I have mixed feelings about the flash-forward tactic in general as a strategy for producing a satisfying finale. It’s great fun, but also very sentimental. The choices can be quite clever, but also arbitrary and contrived, as opposed to proceeding from smart, sober, character logic. The intent is to inspire. (To quote the unforgettable Fleetwood Mac: Don’t stop thinkin’ about tomorrow!) But the effect usually inspires incredulity. (To quote less memorable Shawn Mullins: “Everything is going to be alright, rockabye!” Come. On.) That said, I find these endings just as inevitable as, say, the rigged game pessimism of Breaking Bad or nothing-changes cynicism of The Sopranos. Glee and Parks were fantasies—albeit fantasies grounded in some reality—that proceeded from an optimistic, progressive worldview, designed to promote an optimistic, progressive worldview, Glee more so than Parks. So I accept Glee’s radically optimistic finale, even if I wish it had tempered the idealism with more of its salty, clear-eyed wisdom. I actually liked the two-hour finale’s first hour more than the second, a flashback episode that created a new creation myth for the characters, capturing a band of complex, needy personalities and wannabe stars clashing and meshing to create the community that would break them, re-mold them, fulfill them. How exhilarating was the final scene of that first hour, a reprise of the “Don’t Stop Believing” performance from season 1? It was touching to see Finn again, of course. But it capped a stirring hour that powerfully reminded us of some things that six years of accumulated storytelling inconsistency and incoherence make it easy to forget: For a brief period of time, Glee was just the biggest thing in pop culture, and those kids were—are—huge freakin’ stars who have had enormous positive impact on their audience.

The finale ended with Vice President Sylvester giving a speech to re-dedicate the auditorium at McKinley High. Its new name: The Finn Hudson Auditorium. In her remarks, she spelled out the lesson embodied by New Directions, and the example that Glee tried to live out during its six wildly ambitious, entertaining, and uneven years as a cultural enterprise: “It takes a lot of bravery to look around you and see the world not as it is, but as it should be.” With this, Glee seemed to be declaring itself to be (and commending itself for being) a counter-culture force to the dominant fantasies of the new century: Anti-heroes, dystopia, apocalypse. And so a season that started from a place of impressive humility about what Glee had accomplished (or not) finishes as a humblebrag. After the reformed Veep’s speechifying, glee club members and Glee stars past and present gathered on stage to sing One Republic’s “I Lived.” And that, Glee did. Often with stunning artfulness and boldness, more often with infuriating inconsistency, sometimes profound, sometimes alienating, sometimes arrogant and belligerent… even if it was correct, politically, about everything. (Except for Coach Schue’s rapping.) It leaves us as most burn-bright-and-fade pop phenoms do, with a sense that it was ultimately a failure. Maybe that’s unfair; we’ve been so spoiled with masterpieces this new century, it’s often hard to appreciate anything less. Glee was a brilliant mess. It lived. And I’m glad it did.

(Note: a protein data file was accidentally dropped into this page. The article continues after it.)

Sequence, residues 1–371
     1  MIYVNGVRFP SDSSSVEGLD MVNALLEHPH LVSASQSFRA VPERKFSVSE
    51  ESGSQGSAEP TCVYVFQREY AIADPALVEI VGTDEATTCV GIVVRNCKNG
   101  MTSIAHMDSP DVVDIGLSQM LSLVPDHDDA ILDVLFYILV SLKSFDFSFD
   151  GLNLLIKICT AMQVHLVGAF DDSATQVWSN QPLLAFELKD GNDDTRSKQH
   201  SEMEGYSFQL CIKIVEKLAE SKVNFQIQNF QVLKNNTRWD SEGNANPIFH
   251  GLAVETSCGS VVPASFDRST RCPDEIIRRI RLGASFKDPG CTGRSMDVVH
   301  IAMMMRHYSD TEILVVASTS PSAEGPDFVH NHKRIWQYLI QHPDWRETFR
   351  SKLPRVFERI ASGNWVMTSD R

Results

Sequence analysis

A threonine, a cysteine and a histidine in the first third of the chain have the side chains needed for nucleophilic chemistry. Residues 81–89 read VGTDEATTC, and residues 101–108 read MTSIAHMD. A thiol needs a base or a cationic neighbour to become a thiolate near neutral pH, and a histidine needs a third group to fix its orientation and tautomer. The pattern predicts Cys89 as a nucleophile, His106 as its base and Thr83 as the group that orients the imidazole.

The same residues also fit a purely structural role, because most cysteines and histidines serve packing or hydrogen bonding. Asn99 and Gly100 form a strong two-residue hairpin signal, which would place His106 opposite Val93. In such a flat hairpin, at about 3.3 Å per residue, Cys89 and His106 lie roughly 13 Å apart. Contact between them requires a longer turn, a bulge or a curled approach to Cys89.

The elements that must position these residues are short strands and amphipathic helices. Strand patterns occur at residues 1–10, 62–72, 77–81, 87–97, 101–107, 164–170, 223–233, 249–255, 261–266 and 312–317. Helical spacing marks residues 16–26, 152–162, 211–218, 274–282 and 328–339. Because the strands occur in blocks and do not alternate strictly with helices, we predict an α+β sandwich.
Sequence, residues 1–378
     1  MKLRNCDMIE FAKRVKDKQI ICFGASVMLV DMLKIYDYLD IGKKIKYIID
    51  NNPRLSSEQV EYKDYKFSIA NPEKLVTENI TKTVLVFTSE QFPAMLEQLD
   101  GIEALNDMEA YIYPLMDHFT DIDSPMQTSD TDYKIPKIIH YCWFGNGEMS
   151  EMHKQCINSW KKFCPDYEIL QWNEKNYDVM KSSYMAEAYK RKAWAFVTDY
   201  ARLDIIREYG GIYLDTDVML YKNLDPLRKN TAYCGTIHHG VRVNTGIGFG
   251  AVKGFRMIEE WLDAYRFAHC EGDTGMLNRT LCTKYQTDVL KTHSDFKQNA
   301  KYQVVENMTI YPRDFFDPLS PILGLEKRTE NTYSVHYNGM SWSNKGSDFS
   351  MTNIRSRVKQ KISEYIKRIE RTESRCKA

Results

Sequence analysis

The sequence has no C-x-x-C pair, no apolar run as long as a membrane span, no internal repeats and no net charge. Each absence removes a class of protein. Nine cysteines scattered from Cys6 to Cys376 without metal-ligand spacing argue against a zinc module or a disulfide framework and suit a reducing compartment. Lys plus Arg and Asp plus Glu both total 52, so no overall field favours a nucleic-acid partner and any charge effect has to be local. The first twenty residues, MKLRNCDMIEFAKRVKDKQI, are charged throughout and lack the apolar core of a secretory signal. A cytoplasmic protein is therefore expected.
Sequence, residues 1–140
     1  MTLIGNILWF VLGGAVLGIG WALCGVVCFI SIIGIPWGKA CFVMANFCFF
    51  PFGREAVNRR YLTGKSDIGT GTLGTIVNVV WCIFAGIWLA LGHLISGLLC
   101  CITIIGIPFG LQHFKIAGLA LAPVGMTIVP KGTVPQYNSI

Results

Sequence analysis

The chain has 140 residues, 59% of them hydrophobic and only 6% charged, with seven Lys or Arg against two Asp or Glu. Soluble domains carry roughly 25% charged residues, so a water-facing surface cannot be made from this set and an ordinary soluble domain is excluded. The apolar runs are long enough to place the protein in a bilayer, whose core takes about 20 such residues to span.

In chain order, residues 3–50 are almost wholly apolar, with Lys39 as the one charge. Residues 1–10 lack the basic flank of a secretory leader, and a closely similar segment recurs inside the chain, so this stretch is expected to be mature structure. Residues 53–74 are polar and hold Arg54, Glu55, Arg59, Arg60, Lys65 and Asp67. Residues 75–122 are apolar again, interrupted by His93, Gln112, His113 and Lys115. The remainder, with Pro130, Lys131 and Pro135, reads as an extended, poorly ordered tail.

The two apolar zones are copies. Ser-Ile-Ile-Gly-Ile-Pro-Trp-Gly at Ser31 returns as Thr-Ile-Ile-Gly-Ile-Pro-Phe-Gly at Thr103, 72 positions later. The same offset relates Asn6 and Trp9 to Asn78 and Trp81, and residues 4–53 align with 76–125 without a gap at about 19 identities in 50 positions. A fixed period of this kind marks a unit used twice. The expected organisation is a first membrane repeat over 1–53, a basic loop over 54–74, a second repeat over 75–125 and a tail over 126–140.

*The final season of Glee started strong but quickly became vintage spotty Glee instead of just vintage Glee. My biggest quibbles: Sue’s incoherent arc and meta villainy; and how the show underutilized a batch of promising new characters, the next gen New Directions.

Episode Recaps

The fourth season of Glee was full of ups and downs, but one consistent bright spot was Lea Michele's Rachel Berry, who stretched her wings…


Jane Lynch, Lea Michele, and high school anxiety star in Fox’s campy musical.

  • TV Show
  • 6
  • In Season
  • Fox
stream service